Is your IT support team like Miley Cyrus or David Bowie?

My wife recently found out that she’s not tone deaf after all. She learned that she’s just a really really bad singer! Before my son could even speak, he used to reach out and cover her mouth when she tried to sing to him.

The majority of people are quite capable of singing well. Although many of us claim to be tone deaf and incapable of singing in tune, apparently true tone-deafness affects only a few percent of the population. We’re not tone deaf, we’re just untrained.

Being aware of your strengths and weaknesses is an important (if not blatantly obvious) step to self-improvement. My wife, for example, now knows that singing lessons wouldn’t be a complete waste of money.

IT support teams are no different. Seeking to improve in areas where you’re already strong is a waste of time and money. And failing to improve in areas that are important to the business is a recipe for disaster. The starting point has to be self-awareness.

When it comes to self-awareness, I liken IT support teams to four artists: Miley Cyrus, PSY, Susan Boyle (runner up in ‘Britain’s Got Talent’ in 2009) and David Bowie. Which of these artists best describes your IT support team?


Miley Cyrus – Denying

The Miley Cyrus IT support team think they’re great. Perhaps they used to be in their Hannah Montana years, when their customers were a little less discerning. But times have changed. The Miley Cyrus IT support team’s internal customers don’t think they’re great at all.

These teams are more common than you think – according to Forrester there are almost twice as many IT teams who think they provide great IT support than there are businesses who feel they are getting it.

These teams usually don’t actively seek customer feedback, or measure internal IT customer satisfaction, because they think it’s unnecessary. They often dismiss customer perceptions as wishy-washy and invalid.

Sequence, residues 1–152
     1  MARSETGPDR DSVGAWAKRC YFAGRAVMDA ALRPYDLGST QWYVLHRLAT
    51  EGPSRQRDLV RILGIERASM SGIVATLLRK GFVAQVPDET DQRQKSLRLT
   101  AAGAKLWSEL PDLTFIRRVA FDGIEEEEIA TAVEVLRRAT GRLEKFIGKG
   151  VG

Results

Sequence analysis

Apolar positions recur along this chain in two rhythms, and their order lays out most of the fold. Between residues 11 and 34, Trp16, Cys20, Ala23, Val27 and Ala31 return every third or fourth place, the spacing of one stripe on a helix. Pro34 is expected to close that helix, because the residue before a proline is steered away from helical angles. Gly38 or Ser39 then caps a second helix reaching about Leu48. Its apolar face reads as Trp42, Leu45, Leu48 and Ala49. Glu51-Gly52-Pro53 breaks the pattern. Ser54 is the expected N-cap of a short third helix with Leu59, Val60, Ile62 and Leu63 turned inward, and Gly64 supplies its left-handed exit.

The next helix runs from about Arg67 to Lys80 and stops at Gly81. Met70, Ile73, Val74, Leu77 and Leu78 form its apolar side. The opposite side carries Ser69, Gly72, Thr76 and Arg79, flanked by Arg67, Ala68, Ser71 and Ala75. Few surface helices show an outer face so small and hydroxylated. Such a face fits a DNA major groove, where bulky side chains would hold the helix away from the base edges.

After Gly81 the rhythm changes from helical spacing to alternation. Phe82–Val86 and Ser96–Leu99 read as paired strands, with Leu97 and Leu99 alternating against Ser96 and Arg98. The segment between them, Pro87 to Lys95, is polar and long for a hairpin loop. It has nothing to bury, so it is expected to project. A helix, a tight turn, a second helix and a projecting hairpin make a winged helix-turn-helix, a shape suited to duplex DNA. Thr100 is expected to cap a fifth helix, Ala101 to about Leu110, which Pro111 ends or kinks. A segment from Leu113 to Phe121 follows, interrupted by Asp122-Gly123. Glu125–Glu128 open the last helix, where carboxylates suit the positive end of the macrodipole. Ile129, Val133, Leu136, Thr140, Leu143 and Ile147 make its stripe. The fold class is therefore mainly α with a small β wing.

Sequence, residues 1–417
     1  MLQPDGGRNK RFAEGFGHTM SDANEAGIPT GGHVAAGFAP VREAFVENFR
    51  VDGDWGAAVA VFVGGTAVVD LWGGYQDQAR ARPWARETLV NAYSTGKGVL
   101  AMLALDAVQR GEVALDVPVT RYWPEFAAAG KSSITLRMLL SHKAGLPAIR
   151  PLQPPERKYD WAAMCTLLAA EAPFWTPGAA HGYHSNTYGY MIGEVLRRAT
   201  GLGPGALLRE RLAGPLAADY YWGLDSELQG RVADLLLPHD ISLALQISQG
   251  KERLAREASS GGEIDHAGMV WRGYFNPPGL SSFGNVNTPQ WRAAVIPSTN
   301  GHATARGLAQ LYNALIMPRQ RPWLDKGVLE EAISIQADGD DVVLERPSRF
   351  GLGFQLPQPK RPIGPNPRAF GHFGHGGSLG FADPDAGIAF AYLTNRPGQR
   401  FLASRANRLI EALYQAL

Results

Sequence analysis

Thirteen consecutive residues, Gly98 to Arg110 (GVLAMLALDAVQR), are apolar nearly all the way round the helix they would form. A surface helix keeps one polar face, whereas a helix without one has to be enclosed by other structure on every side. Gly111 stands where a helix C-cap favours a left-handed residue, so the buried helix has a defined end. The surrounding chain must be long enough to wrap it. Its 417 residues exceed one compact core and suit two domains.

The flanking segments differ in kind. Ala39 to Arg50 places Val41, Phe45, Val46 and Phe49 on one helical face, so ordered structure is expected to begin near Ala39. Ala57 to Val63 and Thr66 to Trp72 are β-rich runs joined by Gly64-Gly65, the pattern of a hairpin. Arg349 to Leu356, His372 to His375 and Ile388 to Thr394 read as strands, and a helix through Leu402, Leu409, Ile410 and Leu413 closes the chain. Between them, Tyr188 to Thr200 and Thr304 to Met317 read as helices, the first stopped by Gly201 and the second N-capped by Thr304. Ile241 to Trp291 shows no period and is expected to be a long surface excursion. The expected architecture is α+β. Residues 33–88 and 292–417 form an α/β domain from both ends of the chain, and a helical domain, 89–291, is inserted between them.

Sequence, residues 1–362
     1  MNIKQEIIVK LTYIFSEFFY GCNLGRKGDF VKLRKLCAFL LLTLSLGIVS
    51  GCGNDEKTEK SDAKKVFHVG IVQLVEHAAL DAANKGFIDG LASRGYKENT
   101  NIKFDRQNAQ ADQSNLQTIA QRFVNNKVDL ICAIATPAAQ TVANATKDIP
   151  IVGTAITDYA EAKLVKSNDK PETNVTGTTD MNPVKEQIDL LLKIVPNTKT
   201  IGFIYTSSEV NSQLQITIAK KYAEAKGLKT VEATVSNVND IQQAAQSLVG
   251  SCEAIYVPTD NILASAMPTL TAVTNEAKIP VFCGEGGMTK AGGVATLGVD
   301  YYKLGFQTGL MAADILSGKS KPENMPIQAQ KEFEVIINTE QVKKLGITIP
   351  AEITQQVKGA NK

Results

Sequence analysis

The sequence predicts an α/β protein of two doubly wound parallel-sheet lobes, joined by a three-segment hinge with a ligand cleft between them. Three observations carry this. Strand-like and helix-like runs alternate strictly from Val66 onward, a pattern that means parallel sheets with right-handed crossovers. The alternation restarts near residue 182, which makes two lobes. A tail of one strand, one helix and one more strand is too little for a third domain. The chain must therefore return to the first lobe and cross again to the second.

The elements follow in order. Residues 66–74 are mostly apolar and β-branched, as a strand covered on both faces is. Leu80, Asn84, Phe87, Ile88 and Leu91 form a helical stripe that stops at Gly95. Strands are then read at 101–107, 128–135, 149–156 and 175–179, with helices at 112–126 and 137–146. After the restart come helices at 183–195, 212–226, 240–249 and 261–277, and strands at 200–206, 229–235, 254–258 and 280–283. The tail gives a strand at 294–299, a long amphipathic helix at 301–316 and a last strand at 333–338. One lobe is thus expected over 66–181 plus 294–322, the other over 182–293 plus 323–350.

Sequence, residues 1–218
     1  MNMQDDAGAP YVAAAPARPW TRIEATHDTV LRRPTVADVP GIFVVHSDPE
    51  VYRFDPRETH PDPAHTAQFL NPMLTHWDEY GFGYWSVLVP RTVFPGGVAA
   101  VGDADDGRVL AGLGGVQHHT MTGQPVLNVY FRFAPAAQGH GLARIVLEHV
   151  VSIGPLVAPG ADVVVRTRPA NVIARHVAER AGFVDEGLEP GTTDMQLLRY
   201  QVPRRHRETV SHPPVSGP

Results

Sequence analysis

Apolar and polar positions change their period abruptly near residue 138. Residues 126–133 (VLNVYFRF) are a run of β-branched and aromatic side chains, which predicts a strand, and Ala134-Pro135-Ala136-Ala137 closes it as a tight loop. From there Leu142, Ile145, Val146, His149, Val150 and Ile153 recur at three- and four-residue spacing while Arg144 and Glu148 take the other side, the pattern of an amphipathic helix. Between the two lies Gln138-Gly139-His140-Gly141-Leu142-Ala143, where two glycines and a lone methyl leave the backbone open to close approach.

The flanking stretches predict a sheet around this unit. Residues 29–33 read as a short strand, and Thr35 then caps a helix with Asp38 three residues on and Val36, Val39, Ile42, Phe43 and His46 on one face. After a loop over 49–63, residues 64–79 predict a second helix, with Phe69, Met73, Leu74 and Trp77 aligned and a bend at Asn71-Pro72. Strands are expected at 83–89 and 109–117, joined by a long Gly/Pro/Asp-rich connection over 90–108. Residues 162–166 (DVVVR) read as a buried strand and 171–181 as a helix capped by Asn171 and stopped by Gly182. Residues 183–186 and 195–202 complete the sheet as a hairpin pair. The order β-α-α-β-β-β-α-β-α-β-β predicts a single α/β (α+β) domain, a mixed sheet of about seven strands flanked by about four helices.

From a customer service perspective, this is like the ‘unconsciously incompetent’ quadrant of Noel Burch’s Four Stages of Competence.

Challenges & Risks

The challenge for this team is in accepting that there’s a need to improve.

If this team doesn’t improve, or doesn’t do it fast enough, the relationship with the business will (continue to) decline, a wrecking ball will be taken to IT budgets, and outsourcing will be a constant threat if not a soon-to-be reality.


PSY – Accepting

As far as pure musical talent goes, PSY, of Gangnam Style fame, knows he’s not going to be winning an Honorary Doctorate at the Royal School of Music any time soon.

Similarly, the PSY IT support team know that they’re not a high performing team and that that some hard work is required to get there.

But they have an important advantage over the Miley Cyrus’s – their self-perception is aligned with their customer’s perceptions. They have usually become ‘consciously incompetent’ because they value customer feedback and have systems in place to capture it. Although they are failing to meet customer expectations, they are in the right starting position because they recognise the need to improve, know where they need to get to and have the metrics in place to know when they’ve arrived.